Singh apparently became quite good at flying the hydroplane, and in 1913, Curtiss asked him to help him promote his products in Europe when it seemed that the world would be heading towards some sort of world war.

Mohan Singh AJ.jpg

Wow… Singh is a pretty good pilot, so much so that Curtiss… one of the era’s preeminent aviation gurus wants him to help sell his aviation machines in Europe?  The skies the limit!

Except… one year later when the Great War (aka WWI) broke out on July 28, 1914, our man Singh was not headed back to India to help with the military there… nor did he go to Britain to help train the new flyboys… instead, Singh was in Los Angeles, California working as a butler and chauffeur for some rich family.

Why? Maybe he was a pacifist? Maybe he wasn’t really in the military? Maybe he liked driving cars and delivering martinis by the pool?

Singh wanted to be an American citizen, and tried to be one… the only problem was, that the United States would only let immigrants who were classified as Caucasian try and become citizens… you know, to keep out the riff-raff.

Back then, no one was sure just what the fug sub-continent Indians were! Negroes and Orientals definitely weren’t Caucasian.  Heck… I have a 1930s Canadian encyclopedia set that declares that the Aboriginals from Australia are a class of sub-human. That’s right… not human, but sub-human. No finger pointing… that’s just how things were back then.

After many years of legal battles, Singh gained his American citizenship… but then had did taken away in 1924 after the United States Supreme Court ruled that South Asians could not be considered White, and did not qualify for citizenship.

Back then, Caucasian meant White… regardless of the scientific definition. But pssst… I’ll let you in on a little secret… nowadays, Indians are classified as Caucasian. Singh missed out by a few decades.

Not wanting to go back to India, and still yearning to enjoy life in the United States, Singh decided to change things up.

If he couldn’t be White, he could still hang with them… changing his persona to the stereotype that people back in the 1920s expected of someone of his color.

Wearing orange robes, he became the Yogi Hari Rama.

He figured few people would realize his name was based on the the 15th century poem  (and chant):

Hare Krsna Hare Krysna
Krsna Krsna Hare Hare
Hare Rama Hare Rama
Rama Rama Hare Hare

Some of you may have heard the poem being chanted by a sect of Hare Krishna’s at the airports, but that’s not anything to do with anything here.

As the new Yogi Hari Rama, Singh created his own Super Yoga Science using real exercises and writings he stole from others.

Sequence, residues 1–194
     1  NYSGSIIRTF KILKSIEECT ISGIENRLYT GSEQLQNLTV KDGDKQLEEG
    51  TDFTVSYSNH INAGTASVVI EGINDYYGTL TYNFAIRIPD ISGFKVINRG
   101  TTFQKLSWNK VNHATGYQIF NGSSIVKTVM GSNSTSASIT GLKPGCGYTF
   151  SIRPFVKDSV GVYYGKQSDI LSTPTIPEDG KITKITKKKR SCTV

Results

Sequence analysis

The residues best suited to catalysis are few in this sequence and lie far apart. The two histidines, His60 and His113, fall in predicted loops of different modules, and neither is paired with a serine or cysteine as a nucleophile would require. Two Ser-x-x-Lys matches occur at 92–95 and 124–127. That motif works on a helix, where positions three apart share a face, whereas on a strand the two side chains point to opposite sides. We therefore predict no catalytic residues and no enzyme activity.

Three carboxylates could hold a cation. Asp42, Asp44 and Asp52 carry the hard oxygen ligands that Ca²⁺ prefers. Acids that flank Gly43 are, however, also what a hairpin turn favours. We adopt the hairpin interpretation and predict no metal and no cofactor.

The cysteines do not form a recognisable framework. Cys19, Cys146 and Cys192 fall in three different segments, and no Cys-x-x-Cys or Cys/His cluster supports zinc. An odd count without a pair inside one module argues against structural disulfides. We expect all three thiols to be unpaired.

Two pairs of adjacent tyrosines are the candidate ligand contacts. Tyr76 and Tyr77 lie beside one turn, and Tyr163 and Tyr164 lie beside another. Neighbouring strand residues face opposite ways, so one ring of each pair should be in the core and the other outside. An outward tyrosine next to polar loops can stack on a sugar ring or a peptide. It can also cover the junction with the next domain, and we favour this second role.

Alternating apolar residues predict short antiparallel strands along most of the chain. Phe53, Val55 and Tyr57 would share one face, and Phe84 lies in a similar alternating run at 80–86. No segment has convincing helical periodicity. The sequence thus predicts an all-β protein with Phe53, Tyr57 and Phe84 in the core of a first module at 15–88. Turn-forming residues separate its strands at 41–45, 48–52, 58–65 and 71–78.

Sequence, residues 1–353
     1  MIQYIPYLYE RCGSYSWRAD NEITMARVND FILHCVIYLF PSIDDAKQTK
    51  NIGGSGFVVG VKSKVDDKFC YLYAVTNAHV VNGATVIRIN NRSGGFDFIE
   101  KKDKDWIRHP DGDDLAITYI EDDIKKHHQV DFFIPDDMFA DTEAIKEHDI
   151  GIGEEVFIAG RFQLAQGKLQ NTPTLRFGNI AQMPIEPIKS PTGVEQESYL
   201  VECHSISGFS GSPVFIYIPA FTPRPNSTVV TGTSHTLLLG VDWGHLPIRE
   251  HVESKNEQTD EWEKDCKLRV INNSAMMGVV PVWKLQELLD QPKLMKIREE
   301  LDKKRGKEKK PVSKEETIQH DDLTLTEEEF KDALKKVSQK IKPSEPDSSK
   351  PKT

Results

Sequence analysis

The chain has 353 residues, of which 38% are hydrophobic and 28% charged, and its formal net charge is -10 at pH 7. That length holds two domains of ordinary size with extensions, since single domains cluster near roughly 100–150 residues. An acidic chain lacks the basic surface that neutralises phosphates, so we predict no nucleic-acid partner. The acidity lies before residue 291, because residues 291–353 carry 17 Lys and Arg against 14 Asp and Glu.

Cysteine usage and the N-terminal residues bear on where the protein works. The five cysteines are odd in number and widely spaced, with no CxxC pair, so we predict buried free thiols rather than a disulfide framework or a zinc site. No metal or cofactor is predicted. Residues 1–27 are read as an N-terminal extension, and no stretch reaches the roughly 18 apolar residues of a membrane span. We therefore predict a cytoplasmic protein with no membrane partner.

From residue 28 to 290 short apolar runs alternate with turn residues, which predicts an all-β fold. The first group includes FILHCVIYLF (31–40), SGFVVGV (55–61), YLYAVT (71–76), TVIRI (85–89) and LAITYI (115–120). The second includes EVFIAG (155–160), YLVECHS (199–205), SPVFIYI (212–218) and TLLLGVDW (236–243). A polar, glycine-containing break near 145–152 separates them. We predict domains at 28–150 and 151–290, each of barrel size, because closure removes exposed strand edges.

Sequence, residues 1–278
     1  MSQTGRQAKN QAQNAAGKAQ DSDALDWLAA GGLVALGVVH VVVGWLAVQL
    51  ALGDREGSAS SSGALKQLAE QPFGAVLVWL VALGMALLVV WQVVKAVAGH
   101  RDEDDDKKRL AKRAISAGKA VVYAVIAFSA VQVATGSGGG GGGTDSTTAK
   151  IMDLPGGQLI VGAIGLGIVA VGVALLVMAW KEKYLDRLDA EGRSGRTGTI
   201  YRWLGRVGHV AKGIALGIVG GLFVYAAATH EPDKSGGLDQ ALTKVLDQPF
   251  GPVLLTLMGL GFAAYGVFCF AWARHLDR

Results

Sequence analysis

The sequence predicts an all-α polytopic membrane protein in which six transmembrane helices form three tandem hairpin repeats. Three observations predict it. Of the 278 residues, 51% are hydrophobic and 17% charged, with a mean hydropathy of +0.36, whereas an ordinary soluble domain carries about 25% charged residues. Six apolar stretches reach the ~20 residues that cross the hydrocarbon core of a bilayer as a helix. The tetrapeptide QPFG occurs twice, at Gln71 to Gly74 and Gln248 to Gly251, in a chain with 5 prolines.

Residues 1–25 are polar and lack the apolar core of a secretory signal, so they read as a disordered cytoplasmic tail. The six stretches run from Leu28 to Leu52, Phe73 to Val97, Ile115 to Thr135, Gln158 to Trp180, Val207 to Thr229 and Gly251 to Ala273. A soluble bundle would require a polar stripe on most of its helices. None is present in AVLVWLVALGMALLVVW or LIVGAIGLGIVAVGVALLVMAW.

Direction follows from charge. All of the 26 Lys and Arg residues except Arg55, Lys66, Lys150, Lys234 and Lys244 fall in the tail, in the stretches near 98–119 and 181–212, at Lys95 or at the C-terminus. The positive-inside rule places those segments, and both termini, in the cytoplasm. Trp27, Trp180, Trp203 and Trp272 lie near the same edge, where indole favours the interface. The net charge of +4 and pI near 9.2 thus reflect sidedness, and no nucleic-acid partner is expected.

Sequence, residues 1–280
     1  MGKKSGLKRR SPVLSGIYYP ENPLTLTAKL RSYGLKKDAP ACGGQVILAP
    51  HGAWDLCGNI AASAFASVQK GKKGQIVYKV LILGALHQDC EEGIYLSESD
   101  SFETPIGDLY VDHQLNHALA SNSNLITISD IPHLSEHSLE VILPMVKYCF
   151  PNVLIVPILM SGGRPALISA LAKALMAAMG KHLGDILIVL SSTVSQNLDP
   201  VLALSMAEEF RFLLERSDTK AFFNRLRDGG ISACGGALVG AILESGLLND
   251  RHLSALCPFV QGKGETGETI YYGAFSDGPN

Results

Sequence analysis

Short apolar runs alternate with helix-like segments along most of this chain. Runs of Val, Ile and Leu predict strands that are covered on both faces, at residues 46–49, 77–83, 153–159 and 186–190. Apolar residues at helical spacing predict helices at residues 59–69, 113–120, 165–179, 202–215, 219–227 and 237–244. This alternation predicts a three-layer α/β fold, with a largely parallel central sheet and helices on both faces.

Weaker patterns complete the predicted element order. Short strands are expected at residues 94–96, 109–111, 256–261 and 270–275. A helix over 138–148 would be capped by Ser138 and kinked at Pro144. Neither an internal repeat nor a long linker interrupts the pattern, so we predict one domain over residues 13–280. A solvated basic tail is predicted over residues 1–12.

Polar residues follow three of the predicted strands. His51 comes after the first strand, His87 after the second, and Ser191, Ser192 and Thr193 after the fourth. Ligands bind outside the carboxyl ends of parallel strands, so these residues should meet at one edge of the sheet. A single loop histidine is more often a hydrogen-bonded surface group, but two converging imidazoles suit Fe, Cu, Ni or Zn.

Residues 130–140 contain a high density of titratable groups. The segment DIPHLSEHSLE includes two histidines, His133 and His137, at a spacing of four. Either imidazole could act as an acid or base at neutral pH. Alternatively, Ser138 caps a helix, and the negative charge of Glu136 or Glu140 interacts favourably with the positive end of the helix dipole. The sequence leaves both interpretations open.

It must have worked, because he made money as the Yogi, proving he was smarter than the average bear, er guy, as he traveled across the United States teaching his fake religion. I can see the oxymoron there that some of you have identified.

And then… after his tour ended in 1928, Singh simply vanishes… gone… leaving behind 13 Americans he had appointed as teachers of his Super Yoga Science, and a national organization called The Benares League of America, the largest yoga organization in the country.

A con man? Is this what has become of our Flying Hindu? Did he lie to his Super Yoga Science students when he told them he could fly? Did he mean levitation, or was it just a nod to his past as a pioneer of aviation?

So… whatever happened to Singh?

A guess might be that he ticked off the wrong people with his Super Yoga Science and simply went the way of Jimmy Hoffa… or perhaps he made his fortune and traveled back home to… to where indeed? India? A guy who desperately wanted to be American isn’t going to slink back to India.

Did he die soon after his religious tour? Did he simply fade away and live off his dirty money? Did he die in some unknown aviation accident?

No one really knows… and so in life, as in death, Mohan M. Singh aka Yogi Hari Rama is a mystery.


PS… I used the story from the Smithsonian website (HERE), for a fair bit of information on Singh.




About mreman47

Andrew was born in London, UK, raised in Toronto, Canada, and cavorted in Ohtawara, Japan for three years. He is married, has a son and a cat. He has over 35,000 comic books and a plethora of pioneer aviation-related tobacco and sports cards and likes to build LEGO dioramas. Along with writing for a monthly industrial magazine, he also writes comic books and hates writing in the 3rd person. He also hates having to write this crap that no one will ever read. Along with the daily Japan - It's A Wonderful Rife blog, when he feels the hate, will also write another blog entitled: You Know What I Hate? He also works on his Pioneers Of Aviation - a cool blog on early fliers. He also wants to do more writing - for money, though. Help him out so he can stop talking in the 3rd person.
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One Response to Mohan Singh – The Flying Hindu

  1. Pingback: The Flying Hindu – Fly 'n Things